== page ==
Song of the south

The Music in the Desert Festival at Kibbutz Sde Boker in the Negev celebrates its tenth anniversary.

November 29, 2007 12:49
2 minute read.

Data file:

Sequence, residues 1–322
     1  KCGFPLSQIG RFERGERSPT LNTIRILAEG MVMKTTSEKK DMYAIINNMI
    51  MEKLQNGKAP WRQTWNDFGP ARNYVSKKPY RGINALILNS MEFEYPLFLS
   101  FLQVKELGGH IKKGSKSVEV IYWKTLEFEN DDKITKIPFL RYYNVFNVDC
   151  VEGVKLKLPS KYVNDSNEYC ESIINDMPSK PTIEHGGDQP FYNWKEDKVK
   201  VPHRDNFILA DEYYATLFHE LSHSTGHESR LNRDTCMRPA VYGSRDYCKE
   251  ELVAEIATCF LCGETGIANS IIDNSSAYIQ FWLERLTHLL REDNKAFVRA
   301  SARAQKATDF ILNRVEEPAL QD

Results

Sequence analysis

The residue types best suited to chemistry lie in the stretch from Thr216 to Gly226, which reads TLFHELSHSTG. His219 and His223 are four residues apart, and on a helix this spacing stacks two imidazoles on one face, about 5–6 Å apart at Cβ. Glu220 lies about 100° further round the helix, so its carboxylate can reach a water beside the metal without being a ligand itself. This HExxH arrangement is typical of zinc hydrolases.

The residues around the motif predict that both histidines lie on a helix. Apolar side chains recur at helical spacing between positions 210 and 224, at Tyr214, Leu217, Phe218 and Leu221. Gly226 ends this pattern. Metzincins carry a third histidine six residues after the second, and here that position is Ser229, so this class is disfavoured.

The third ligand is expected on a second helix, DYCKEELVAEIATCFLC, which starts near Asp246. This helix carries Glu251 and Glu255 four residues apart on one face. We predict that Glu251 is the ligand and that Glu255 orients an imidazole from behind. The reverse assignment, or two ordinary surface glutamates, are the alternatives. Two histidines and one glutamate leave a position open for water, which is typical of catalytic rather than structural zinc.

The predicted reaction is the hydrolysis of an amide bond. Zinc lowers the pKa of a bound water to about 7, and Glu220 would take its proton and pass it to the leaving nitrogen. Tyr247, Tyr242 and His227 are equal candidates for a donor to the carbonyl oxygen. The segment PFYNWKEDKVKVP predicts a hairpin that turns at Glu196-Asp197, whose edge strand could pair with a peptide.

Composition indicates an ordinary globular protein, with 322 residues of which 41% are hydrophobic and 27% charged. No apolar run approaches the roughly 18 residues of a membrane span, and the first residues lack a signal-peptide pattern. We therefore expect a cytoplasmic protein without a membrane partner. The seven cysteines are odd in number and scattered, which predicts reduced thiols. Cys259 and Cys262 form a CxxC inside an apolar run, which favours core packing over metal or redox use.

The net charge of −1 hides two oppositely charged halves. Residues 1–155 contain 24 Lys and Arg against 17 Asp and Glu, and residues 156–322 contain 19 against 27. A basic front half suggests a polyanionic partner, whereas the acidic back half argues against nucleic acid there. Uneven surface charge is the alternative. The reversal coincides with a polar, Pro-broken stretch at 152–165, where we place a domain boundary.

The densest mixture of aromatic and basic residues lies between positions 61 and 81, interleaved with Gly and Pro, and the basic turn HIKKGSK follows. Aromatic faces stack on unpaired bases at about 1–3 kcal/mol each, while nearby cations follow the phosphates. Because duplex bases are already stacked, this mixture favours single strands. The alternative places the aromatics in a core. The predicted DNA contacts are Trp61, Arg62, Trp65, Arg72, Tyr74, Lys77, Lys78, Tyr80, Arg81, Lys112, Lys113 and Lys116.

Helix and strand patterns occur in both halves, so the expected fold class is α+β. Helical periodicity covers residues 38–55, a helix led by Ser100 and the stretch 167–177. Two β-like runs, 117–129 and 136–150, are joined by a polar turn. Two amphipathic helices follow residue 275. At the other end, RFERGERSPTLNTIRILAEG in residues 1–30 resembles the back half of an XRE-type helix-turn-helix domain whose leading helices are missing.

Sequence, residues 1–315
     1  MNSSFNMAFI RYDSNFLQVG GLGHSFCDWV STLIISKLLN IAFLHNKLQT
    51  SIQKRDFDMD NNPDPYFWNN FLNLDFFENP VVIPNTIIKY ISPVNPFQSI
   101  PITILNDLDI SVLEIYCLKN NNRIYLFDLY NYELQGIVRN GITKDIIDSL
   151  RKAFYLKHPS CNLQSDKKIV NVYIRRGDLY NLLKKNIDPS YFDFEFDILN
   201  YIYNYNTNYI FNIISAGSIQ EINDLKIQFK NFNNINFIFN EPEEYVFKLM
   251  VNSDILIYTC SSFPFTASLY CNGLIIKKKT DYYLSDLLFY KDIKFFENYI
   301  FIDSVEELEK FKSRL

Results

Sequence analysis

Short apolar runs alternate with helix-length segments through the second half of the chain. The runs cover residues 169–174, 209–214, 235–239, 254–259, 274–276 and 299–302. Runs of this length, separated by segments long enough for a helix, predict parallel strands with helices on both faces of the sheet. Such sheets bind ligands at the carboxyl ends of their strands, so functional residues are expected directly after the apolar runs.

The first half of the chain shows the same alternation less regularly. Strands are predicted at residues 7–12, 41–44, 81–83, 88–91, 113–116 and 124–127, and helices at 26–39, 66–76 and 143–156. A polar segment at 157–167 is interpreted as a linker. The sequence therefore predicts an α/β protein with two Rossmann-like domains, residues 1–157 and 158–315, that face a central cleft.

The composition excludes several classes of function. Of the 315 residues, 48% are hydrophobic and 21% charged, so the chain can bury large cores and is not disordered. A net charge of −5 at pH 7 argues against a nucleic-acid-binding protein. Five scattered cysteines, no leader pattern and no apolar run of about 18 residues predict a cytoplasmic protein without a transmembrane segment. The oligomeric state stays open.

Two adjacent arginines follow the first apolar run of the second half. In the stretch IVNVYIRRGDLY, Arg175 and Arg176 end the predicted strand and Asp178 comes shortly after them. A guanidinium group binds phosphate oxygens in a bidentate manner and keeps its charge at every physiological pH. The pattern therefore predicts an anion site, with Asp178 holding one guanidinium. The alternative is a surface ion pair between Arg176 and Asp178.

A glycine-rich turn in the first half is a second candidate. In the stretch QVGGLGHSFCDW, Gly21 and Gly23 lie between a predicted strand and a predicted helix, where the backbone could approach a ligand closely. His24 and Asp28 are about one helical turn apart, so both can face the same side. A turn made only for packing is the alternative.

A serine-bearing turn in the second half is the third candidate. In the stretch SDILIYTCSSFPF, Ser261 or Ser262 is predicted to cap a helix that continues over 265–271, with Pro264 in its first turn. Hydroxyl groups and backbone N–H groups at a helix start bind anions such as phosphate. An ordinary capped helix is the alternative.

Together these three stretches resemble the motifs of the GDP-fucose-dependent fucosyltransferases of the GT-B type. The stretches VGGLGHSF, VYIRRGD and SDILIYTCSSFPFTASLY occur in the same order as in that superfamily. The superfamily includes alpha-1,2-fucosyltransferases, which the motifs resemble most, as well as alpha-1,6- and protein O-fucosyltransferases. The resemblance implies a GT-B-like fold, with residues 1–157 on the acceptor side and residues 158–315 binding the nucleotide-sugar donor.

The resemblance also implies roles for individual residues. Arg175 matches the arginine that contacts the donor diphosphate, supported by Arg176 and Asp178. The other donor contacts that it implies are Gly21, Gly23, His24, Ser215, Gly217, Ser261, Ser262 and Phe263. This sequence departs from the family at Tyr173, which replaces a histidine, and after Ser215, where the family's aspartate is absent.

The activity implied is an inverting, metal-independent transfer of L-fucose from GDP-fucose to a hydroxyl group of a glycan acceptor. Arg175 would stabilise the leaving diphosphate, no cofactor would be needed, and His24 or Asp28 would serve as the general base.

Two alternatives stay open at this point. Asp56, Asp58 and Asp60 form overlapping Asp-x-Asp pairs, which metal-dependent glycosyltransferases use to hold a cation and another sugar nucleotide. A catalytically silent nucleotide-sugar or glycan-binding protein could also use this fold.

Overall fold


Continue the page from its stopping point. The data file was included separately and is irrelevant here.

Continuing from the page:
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The Music in the Desert Festival at Kibbutz Sde Boker in the Negev (from December 4 to 8) celebrates its tenth anniversary - against all odds, accordings to its initiator and artistic director Michael Wolpe. Speaking over the phone late at night from his Kibbutz Ravivim home, the composer, researcher and champion of the local musicians, explains: "Ten years ago people did not really know about Israeli music - they thought there were only the songs. We put Israeli music back on the map." This year the usual three-day festival expands to five, with The Song of Songs as its central theme. "I chose it since this is one of the most important texts in the history of our people and our state," says Wolpe. "Many pieces from the Jewish and Israeli tradition, which relate to this text, are included in the program." From its first year, the festival tried to bring the cultural life of the Israeli periphery to the public's attention. "This year, I accentuate two Israeli peripheries. The kibbutzim is one - there's a lot of music, connected to the kibbutz movement, be it the Aggada of Kibbutz Yagur, by Yehuda Sharet, or Song of Songs, by Nissimov, which opens the festival in a spectacular communal performance, prepared by kibbutz Sde Boker," he says. "The Negev is another periphery, and it is represented by various orchestras and ensembles, such as Sinfonietta Beer Sheva or Andalusian Orchestra, as well as individual artists." Wolpe laments that he has found himself in the center of a dispute. As artistic director, for the second year running, of The Israeli Music Celebration concert series, he was accused in the Hebrew press of showcasing only tonal Israeli music. In fact, he says, he did make room for a-tonal music at those standing-room only festivals of contemporary Israeli music that took place around the country. "I do not pretend to be one who defines what Israeli music is about," he explains. "My objective is to provide a platform to what is local, original and talented, diverse as it is. But I am not ready for anyone to tell me what is good and what is not." The festival programs feature pieces by Dubi Zeltser, Nissim Nissimov, Yehuda Sharet, Paul Ben Haim, Oded Zehavi, but also by Mendelssohn, Bach and Enesco. Among the participants are the Barrocade ensemble, the Li-Ron, Ramat Negev Singers, Upper Galilee and other choirs, soloists Sivan Rotem, Dudu Tasa and Yair Harel, and the Inbal Dance Company. For more details call (08) 656-4162 or visit the site

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